Won't it cost a lot to pay the surgery cost of transsexuals?
No! Only 1 in 30,000 people will pursue transsexual surgery.
At a total average lifetime cost of about $25,000, the average cost is
less than a dollar per employee, lifetime. We estimate an annual
cost of about 18 cents per person if you choose to offer this medical coverage.
Most insurance policies routinely exclude this coverage. We believe
it should be covered like any other medically necessary procedure, but
this is a decision to be made by each employer, and is independent of the
Won't some religious organizations boycott my company if we hire transsexuals?
These boycotts have been tried against gay-friendly companies, but they
have little or no impact on the business being targetted. Boycotts
against Disney, or against American Airlines, have not hurt either company.
No religion has ever boycotted a company for being gender-friendly.
The Bible does not prohibit changing one's sex or wearing comfortable clothing.
Religious rhetoric is usually based on the mistaken assumption that transgender
people are seeking an excuse to be homosexual, and that it's wrong to be
homosexual. In reality, transgender people may be gay or straight
and are often celebate. And of course, most companies already realize
that it's wrong to discriminate against gay, lesbian, or bisexual people.
What about my other employees? Won't they be offended?
One or two percent might be offended by anything new in the workplace.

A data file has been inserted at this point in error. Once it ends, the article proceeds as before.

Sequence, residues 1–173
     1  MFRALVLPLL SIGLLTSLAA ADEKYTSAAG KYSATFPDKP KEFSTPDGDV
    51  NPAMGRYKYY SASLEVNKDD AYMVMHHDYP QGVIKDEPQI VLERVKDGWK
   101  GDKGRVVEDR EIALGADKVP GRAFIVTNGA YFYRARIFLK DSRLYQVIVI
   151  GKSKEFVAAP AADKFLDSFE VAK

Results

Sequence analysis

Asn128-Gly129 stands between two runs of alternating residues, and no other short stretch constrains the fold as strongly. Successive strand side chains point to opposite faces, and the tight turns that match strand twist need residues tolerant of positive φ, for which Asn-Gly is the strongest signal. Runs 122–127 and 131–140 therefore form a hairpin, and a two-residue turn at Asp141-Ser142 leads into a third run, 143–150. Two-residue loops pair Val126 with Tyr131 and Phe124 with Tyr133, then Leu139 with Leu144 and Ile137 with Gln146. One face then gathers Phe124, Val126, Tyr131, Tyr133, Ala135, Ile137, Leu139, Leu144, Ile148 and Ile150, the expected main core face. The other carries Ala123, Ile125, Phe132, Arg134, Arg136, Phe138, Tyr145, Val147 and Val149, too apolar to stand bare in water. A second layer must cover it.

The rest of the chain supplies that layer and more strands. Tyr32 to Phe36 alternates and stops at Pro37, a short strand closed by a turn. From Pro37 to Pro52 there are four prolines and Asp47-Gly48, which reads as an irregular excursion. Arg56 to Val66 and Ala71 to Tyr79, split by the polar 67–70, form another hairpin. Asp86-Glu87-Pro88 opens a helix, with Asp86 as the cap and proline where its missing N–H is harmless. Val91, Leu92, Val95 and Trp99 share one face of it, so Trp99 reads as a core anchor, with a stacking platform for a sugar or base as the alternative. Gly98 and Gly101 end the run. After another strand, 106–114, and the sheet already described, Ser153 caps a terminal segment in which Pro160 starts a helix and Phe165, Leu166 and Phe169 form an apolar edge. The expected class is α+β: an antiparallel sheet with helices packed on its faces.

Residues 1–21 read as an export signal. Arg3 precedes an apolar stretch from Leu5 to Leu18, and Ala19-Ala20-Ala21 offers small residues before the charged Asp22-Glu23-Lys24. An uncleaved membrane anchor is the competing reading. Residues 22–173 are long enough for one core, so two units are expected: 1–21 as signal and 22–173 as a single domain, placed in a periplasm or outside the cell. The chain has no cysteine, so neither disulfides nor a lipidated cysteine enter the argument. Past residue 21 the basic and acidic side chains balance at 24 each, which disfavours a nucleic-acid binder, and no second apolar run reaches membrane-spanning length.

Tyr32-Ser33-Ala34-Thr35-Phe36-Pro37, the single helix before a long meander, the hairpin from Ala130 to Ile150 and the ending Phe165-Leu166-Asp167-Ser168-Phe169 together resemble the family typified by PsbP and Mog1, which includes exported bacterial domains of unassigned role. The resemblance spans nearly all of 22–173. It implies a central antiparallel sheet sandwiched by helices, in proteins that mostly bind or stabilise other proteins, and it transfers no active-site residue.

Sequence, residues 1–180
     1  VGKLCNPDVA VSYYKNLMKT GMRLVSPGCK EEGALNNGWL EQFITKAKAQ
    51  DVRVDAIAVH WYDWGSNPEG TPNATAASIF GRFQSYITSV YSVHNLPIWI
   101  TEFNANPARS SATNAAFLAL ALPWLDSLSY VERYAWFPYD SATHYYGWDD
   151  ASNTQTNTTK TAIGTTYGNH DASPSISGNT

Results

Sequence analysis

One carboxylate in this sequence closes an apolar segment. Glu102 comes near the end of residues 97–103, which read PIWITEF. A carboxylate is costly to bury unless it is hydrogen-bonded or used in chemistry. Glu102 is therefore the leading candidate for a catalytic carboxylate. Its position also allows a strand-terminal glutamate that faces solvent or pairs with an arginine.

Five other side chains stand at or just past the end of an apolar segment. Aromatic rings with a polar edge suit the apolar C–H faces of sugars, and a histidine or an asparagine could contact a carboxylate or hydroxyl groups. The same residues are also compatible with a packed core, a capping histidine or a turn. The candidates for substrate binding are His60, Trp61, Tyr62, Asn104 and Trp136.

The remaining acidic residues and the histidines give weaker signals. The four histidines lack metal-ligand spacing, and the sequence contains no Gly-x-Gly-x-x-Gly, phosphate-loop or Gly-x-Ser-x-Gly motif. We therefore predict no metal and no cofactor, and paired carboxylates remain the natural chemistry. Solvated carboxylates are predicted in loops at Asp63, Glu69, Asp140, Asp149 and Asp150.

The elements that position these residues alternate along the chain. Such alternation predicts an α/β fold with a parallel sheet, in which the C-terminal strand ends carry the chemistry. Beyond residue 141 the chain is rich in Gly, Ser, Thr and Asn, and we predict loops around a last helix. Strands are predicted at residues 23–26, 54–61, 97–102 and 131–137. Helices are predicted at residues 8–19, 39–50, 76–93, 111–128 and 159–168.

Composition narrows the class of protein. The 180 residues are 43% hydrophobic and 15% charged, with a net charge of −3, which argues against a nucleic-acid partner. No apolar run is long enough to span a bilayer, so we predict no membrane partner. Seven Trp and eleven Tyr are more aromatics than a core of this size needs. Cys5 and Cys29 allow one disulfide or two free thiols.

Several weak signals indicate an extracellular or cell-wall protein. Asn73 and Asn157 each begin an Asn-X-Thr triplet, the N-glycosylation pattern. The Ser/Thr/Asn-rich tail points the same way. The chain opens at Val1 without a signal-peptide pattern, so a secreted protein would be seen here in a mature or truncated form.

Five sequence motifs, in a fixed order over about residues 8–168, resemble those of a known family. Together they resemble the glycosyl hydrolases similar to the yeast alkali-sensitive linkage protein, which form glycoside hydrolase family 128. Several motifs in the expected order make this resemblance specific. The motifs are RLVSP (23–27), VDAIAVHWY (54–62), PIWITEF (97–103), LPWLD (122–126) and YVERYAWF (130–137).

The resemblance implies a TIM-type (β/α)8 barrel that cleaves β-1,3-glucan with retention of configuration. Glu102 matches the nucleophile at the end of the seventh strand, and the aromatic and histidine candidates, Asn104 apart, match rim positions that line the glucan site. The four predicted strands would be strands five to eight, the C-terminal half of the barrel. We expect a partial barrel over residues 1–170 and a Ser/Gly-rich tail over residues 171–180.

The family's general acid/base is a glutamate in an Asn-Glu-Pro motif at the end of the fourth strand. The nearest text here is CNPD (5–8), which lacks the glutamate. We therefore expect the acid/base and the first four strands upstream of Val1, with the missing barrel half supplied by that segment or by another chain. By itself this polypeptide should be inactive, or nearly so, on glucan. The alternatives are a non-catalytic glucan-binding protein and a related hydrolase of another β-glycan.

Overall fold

When women were first employeed, a few people objected. When black
people began to work in traditionally white workplaces, there were objections.
When gays were able to work openly, a few people objected, but by then,
diversity has become expected in the workplace. Employers who have
supported gender variance have found that, after a day or two, the novelty
wears off and the workplace returns to the routine.
Won't my customers be offended?
Employees in a position to interact with the public, or with customers,
are usually subject to a stricter dress code than employees who work behind
the scenes. However, we have found that transitioned transsexuals
who work with the public (such as airline counter agents or retail salespersons
in a clothing store) have done very well in their jobs. Fear of customer
complaints evaporates quickly because the customers don't have a problem.
Most of them don't even notice.
Won't I have a restroom issue?
This issue often comes up, but it's easily resolved. As long as management
works with the employee to establish a locally appropriate policy, and
makes this policy clear to anyone expressing a concern, it shouldn't be
Policies must ensure that all employees have a convenient, safe, and
dignified restroom to use whenever necessary. Since restrooms are
private places, usually with private stalls, privacy is assured.
A typical local policy notes the nearest restroom to the employee (matching
their new gender role) and suggests the employee will use that restroom
when they are near it. Any employee who is uncomfortable sharing
the restroom is free to use any other restroom.
In practice, after a few weeks, the fears evaporate as everyone sees
the employee is using the restroom just like everyone else, and people
stop worrying about it. Restrictions can then be dropped and the
employee uses any restroom matching their gender presentation, just like